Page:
The pointed hood chickens were common for centuries in large parts of the central and eastern Alps (see distribution map). Already in the 15th century they have been bred in monasteries (for example in Salzburg). This was confirmed by the archaeozoologist Erich Pucher. In a 16th Century cesspool of an inn next to the Salzburg Residenz he found chicken bones with the typical protuberance for crested chicken on the skull. An even earlier evidence for the existence of crested hens in the 13th Century in Central Switzerland found Dr. Hermann Zimmermann in finds of chicken bones at Hallwil.
As in the end of the 19th Century, the chicken breeds have been described and standardized, the expert investigated first in the Tyrol and in the Bregenz Forest, then in central Switzerland, until finally finding the Spitzhauben in Swiss Appenzell. The breed henceforth was called "Appenzeller Spitzhauben". South of the Alps in the Italian Veneto another remainder of Spitzhauben survived, the today Polverara chickens. Also the Styrian hens (Altsteirer) in Austria and Slovenia still carry genes of these earlier crested chickens. The common variety in the Tyrol and Salzburg countries, the Tyrolean chickens, unfortunately died out in the first years of the 20th Century. From Switzerland "Spitzhauben" came with the timber floating on the river Rhine (entrainment of goats and chickens) in the Netherlands and established or at least influenced the Brabant chickens. From the mid-20th Century the Spitzhauben in Switzerland got in distress. Like other native breeds, they could not compete against the new hybrids. The stocks fell dramatically until the Appenzeller Chicken Club became engaged. To counter inbreeding problems and improve performance, greater levels of foreign breeds were crossed. This was mainly Dutch Brakel, Hamburg and La-Fleche chickens were used in the belief that this would belong to the ancestors of the Spitzhauben. With reasonably pure remaining animals the Swiss Foundation ProSpecieRara established in early 80s, a conservation program. The risk of inbreeding was met by crossing different color varieties within the breed and breeding back to the original color varieties.
A similar fate befell the Polverara chickens that were once prevalent from Friuli to the Brenner passroad. The earliest known representation of this breed is a fresco in the chapel of San Michele Arcangelo in Padua in the year 1397. About Venetian trade routes the Polveraras came to foreign countries and influenced the local chicken breeds (Pawlowskaja, Sultan, Crève-Coeur, Brabant, etc.). The Swiss naturalist Conrad Gessner wrote in his 1555 published four-volume book "Historia animalium" that many strong and beautiful chicken from the village Pulverarie were sent to the "Turkish Emperor" (Sultan). Apparently the pointed hood chicken of the area had been bred in Polverara, a neighboring town of Padua, in the 16th Century to remarkable large chickens, which established the reputation of the animals and gave them the name of the place.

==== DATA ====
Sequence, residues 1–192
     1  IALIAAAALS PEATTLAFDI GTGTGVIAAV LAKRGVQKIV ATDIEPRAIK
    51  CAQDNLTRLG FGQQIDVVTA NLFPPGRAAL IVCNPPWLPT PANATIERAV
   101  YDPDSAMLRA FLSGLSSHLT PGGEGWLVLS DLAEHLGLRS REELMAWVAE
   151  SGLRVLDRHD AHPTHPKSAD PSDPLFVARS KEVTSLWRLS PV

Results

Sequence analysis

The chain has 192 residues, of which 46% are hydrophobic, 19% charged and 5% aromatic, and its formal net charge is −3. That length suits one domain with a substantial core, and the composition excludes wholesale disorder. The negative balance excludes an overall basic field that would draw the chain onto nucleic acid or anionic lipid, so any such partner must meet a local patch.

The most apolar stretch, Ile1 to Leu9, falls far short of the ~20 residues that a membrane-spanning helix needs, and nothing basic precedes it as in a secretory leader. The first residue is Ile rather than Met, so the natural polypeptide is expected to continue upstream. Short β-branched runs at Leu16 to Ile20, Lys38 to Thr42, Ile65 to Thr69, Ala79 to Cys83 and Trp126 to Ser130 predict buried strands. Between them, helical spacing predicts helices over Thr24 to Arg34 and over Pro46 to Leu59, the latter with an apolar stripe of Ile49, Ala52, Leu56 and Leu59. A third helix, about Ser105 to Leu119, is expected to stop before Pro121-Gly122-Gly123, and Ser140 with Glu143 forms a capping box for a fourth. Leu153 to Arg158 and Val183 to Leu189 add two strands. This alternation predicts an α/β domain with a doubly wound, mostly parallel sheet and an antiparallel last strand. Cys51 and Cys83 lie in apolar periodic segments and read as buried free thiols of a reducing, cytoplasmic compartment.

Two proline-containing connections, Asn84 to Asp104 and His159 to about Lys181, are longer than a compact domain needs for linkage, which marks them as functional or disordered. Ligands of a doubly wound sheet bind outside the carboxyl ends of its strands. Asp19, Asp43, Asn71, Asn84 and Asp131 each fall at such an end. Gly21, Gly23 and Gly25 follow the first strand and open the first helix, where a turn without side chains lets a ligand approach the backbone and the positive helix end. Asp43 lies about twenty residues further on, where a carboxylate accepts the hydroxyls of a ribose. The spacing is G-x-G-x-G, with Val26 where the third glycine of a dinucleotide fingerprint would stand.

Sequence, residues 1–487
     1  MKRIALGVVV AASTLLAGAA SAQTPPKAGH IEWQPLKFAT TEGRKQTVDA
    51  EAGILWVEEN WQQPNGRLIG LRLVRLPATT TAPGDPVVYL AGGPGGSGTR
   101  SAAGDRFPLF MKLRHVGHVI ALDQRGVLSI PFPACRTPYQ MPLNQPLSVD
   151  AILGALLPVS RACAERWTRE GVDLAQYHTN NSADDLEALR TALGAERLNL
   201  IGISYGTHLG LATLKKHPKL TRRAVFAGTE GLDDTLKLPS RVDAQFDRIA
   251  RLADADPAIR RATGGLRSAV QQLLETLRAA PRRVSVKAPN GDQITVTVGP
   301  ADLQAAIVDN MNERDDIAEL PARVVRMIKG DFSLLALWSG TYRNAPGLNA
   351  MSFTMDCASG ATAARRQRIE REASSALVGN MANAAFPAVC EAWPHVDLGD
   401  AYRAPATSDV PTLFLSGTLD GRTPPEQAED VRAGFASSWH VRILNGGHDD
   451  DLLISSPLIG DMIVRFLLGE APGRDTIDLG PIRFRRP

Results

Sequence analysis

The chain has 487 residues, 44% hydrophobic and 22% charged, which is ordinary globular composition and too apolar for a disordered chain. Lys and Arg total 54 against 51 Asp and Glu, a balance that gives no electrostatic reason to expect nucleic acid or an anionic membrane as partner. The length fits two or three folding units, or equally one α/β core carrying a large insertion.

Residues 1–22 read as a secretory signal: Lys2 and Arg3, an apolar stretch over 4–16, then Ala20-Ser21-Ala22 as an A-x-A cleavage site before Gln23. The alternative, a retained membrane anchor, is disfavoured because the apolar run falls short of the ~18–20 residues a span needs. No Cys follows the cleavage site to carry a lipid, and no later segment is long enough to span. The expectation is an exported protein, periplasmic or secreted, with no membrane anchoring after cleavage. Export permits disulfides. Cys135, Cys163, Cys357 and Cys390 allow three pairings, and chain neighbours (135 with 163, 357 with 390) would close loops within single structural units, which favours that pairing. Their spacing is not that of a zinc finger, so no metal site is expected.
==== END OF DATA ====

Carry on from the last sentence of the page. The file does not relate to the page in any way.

In the 18th Century were bred in France from Polveraras and other crested chicken breeds true fine specimens with extra wide hood and kept for the amusement of the nobility. Especially Madame de Pompadour was pleased at these extreme breeding. The chicken was called "Padou", not sure as abbreviation for Pompadour or Padua. It came in the 19th Century to the Italian town of Padua and displaced the original Polverara. In Italy the Padou is now called "Padovana" (in English "Polish chicken").
The Polveraras were almost extinct mid of 20th century. Thanks to the engagement of a Bruno Rossetto in 1954 they survived about 50 years in small numbers. On 28 January 2000, a conference brought together some persons interested in Polverara-breeding. A conservation plan was adopted and support for breeders promised. The reconstitution of thebreed could be made of the relict population of Bruno Rossetto. Headed by Prof. Gabriele Baldan a nucleus breeding was set up in the Osservatorio Avicolo "Ugo Meloni", Padua. In 2012 Bruno Rossetto (in the meantime 84 years old) provided a valuable, genetically independent cock-line to the project for the backbreeding of the Tyrolean chicken.
(The spread of the pointed hood chickens - the early modern periode - see download map).
Source: Fundus Agri-Cultura Alpina
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